Flight 214 Crash: Pilots Initially Ordered Flight Attendants Not To Evacuate

As the investigation into the deadly Asiana Airlines Flight 214 crash continues, details today emerged about the evacuation and the orders pilots gave the flight attendants in the moments after landing.

The National Transportation Safety Board is the agency heading the investigation into the crash and this afternoon chairman Deborah Hersman said based on interviews with the four pilots and six of 12 flight attendants, passengers were told to stay seated.

See all SF Appeal coverage of the crash of Asiana Airlines Flight 214 here.

Six flight attendants have been interviewed and have all relayed similar accounts of two points of impact before the plane came to rest, Hersman said.

The other six flight attendants remain hospitalized today. The most serious injuries occurred in the back of the plane where four flight attendants were posted. Three of those four were ejected from the aircraft during the landing.

After the plane stopped, the lead flight attendant asked the flight crew if they should evacuate and the pilots said not to initiate an evacuation.

The cabin manager then made an announcement over the PA system for people to stay in their seats and not evacuate, Hersman said.

Around the same time, a flight attendant at the front of the economy cabin said he saw fire outside the cabin and sent a co-attendant to the front to share the information, and that is when evacuation procedures began, Hersman said.

About 90 seconds after the plane stopped, the eight doors and eight slides deployed.

However, there were some issues with the inflation of the slides.

One of the flight attendants in the economy cabin was pinned underneath an inflatable slide that deployed inside the aircraft, and she suffered a broken leg.

Another flight attendant in business class was also pinned by the slide that deployed inside, Hersman said.
Hersman said investigators are working with the manufacturers of the inflatable chutes to analyze and test what occurred.

“The evacuation slide normally inflates when the door is opened,” she said. “It is unknown why the doors inflated inside the aircraft.”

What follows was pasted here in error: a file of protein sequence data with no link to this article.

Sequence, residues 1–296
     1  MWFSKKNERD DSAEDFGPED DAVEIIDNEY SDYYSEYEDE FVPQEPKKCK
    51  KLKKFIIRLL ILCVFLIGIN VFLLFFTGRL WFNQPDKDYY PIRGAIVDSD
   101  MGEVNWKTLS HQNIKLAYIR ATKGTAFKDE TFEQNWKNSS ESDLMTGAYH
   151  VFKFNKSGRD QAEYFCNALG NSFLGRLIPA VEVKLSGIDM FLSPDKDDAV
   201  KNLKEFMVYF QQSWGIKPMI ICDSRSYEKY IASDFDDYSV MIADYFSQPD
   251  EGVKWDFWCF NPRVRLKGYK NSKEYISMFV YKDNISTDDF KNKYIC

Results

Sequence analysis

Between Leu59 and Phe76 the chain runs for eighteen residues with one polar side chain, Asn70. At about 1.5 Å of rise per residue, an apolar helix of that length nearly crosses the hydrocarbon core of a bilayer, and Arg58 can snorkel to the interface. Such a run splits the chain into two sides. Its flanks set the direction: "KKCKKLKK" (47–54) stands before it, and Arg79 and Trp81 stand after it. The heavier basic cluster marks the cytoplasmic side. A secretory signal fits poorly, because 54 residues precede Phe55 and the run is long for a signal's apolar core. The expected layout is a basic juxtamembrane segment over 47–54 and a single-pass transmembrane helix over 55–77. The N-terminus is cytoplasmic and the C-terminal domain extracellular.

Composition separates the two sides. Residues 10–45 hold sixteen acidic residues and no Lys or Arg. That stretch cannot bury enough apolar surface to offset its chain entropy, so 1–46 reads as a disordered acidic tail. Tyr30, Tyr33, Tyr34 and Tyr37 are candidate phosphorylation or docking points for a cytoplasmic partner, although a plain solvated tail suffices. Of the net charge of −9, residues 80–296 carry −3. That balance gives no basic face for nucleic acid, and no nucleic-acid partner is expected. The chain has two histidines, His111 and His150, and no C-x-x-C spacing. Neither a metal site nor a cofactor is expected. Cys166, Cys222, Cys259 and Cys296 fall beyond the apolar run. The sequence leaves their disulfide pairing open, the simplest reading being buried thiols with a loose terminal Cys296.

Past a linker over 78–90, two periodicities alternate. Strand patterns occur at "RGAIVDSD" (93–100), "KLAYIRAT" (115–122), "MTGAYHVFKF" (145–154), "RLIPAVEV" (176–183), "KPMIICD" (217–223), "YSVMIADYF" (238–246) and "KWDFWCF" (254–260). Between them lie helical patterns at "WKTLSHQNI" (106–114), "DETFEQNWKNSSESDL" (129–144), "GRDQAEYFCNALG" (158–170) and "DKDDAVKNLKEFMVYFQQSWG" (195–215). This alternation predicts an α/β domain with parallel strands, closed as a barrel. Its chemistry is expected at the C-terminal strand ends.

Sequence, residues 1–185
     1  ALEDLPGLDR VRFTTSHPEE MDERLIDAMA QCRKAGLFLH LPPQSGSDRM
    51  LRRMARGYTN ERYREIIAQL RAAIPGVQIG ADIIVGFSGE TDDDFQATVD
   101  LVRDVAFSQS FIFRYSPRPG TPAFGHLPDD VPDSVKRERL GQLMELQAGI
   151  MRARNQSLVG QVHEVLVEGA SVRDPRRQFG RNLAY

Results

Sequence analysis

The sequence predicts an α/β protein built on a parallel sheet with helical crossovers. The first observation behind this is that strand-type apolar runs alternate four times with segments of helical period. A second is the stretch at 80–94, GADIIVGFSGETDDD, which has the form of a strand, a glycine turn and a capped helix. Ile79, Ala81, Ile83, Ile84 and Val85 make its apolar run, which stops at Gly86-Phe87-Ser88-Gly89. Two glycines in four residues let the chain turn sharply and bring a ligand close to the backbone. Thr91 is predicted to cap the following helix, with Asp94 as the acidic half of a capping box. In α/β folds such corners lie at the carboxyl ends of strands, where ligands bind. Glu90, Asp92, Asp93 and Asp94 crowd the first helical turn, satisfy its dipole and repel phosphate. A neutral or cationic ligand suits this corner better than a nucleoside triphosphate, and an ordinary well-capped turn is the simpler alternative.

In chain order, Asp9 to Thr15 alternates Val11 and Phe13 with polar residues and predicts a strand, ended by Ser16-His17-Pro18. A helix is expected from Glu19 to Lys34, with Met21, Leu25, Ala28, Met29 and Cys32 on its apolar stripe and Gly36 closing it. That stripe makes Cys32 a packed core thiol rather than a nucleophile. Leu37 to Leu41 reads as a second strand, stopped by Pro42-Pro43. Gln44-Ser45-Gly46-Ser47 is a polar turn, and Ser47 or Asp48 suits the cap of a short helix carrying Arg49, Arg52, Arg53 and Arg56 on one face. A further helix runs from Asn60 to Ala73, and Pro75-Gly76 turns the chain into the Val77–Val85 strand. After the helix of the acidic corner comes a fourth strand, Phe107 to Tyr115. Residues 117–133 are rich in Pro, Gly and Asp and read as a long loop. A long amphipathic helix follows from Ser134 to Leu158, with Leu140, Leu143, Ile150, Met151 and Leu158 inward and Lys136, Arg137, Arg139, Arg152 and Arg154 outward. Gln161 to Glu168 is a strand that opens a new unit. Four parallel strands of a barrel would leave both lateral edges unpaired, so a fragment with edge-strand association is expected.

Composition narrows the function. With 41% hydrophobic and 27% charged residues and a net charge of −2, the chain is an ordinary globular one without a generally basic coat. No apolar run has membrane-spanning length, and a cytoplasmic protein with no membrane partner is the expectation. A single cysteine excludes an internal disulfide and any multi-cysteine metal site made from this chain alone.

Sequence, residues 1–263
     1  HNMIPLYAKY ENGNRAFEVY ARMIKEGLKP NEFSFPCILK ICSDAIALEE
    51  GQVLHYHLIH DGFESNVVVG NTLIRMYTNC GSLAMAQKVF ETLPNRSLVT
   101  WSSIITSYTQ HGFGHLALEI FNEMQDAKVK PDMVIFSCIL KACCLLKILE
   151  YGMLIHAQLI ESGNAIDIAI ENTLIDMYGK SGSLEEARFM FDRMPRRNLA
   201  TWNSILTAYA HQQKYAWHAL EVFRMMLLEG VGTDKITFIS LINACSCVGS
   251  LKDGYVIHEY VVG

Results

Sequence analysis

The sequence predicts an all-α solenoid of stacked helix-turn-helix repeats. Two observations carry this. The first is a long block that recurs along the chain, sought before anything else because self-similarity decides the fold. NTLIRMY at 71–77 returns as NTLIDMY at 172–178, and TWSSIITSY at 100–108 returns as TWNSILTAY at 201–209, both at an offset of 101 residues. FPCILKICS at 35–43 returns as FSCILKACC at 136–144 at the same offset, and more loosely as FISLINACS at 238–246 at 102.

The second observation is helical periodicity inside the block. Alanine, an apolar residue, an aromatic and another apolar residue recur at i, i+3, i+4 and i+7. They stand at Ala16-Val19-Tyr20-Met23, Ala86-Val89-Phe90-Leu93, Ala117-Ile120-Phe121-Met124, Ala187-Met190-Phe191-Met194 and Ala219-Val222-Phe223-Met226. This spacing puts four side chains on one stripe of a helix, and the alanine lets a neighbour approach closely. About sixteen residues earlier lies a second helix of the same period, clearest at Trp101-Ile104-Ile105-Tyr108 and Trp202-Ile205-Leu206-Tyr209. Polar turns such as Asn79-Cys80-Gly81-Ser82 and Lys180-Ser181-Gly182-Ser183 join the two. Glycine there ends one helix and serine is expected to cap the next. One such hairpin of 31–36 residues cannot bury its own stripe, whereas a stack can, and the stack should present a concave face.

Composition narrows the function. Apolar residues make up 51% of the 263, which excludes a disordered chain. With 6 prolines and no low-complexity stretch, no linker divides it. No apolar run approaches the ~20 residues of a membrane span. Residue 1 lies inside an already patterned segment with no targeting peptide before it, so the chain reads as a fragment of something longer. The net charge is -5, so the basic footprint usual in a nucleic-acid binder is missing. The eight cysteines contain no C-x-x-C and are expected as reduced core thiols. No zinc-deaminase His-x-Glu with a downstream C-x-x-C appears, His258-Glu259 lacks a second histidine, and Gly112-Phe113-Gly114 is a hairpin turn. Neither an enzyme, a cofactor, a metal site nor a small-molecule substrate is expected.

Investigators are also looking at the seats and safety restraints, lap belts and shoulder straps in business class and only lap belts in economy, and how they worked on impact, but Hersman said no passenger seats were ejected from the craft.

As to a timeline of the crash and response, two minutes after stopping the first emergency crews arrived on scene and started putting out a fire outside row 10 where one of the engines was burning, Hersman said.

According to the flight attendants, they tried to expedite evacuation procedures by taking passengers to doors that were less crowded and once the fire started growing used fire extinguishers.

Hersman said the parts of the investigation that need to occur at the site on Runway 28L are wrapping up.
Within the next 24 hours and possibly by tonight, the runway will be returned to the control of the airport, and then officials will perform repair work before reopening the runway, Hersman said.

The work that still needs to be done includes cleaning up spilled jet fuel, checking electrical systems, repairing runway lights and fixing damage to the seawall, airport officials said. The FAA will also conduct test flights to re-certify the runway for use.

Hersman said investigators are continuing to probe what led to the botched landing, with the plane coming in too slowly and in the wrong position on the runway.

As part of four-hour interviews with the four pilots, Hersman said the flying pilot and his accompanying instructor pilot both had a full eight hours of sleep the night before take-off and the day before both had been in Seoul on a rest day.

She said the investigation looks at what the pilots were doing prior to the flight “to try to understand if they are fatigued” and “what type of conditions they are working under.”

The two pilots at the helm during take-off and landing had never worked together before, but flew together for four hours and 15 minutes at the beginning portion of the flight.

They resumed their seats in the cockpit for the last 1.5 hours before landing, along with a relief captain who was monitoring the descent into San Francisco International Airport.

Hersman said a key component of the investigation concerns automation and a clearer picture has yet to be pieced together of how the pilots were running the plane when it crashed.

She said pilots can decide to manually fly the airplane or leave maneuvers to autopilot and other computerized functions.

Hersman said automation is often helpful to pilots. She said the technique can decrease workloads, maintain altitude, and can help with things like fuel efficiency, among other benefits.

She noted automation “can help maintain a level of safety and efficiency in the cockpit.”

A plane can land itself, she said. Pilots serve as monitors when using automated features.

“There are two pilots in the cockpit for a reason,” she said.

“They are there to fly, to navigate, to communicate.”

Investigators are working to determine what degree of automation was in use when the plane crash-landed.
She said autopilot mode and auto-throttle, similar to cruise control in a car, were both in use in the final 2.5 minutes of the flight, according to flight data.

She said she would provide more updates about the investigation on Thursday.

Sasha Lekach, Bay City News

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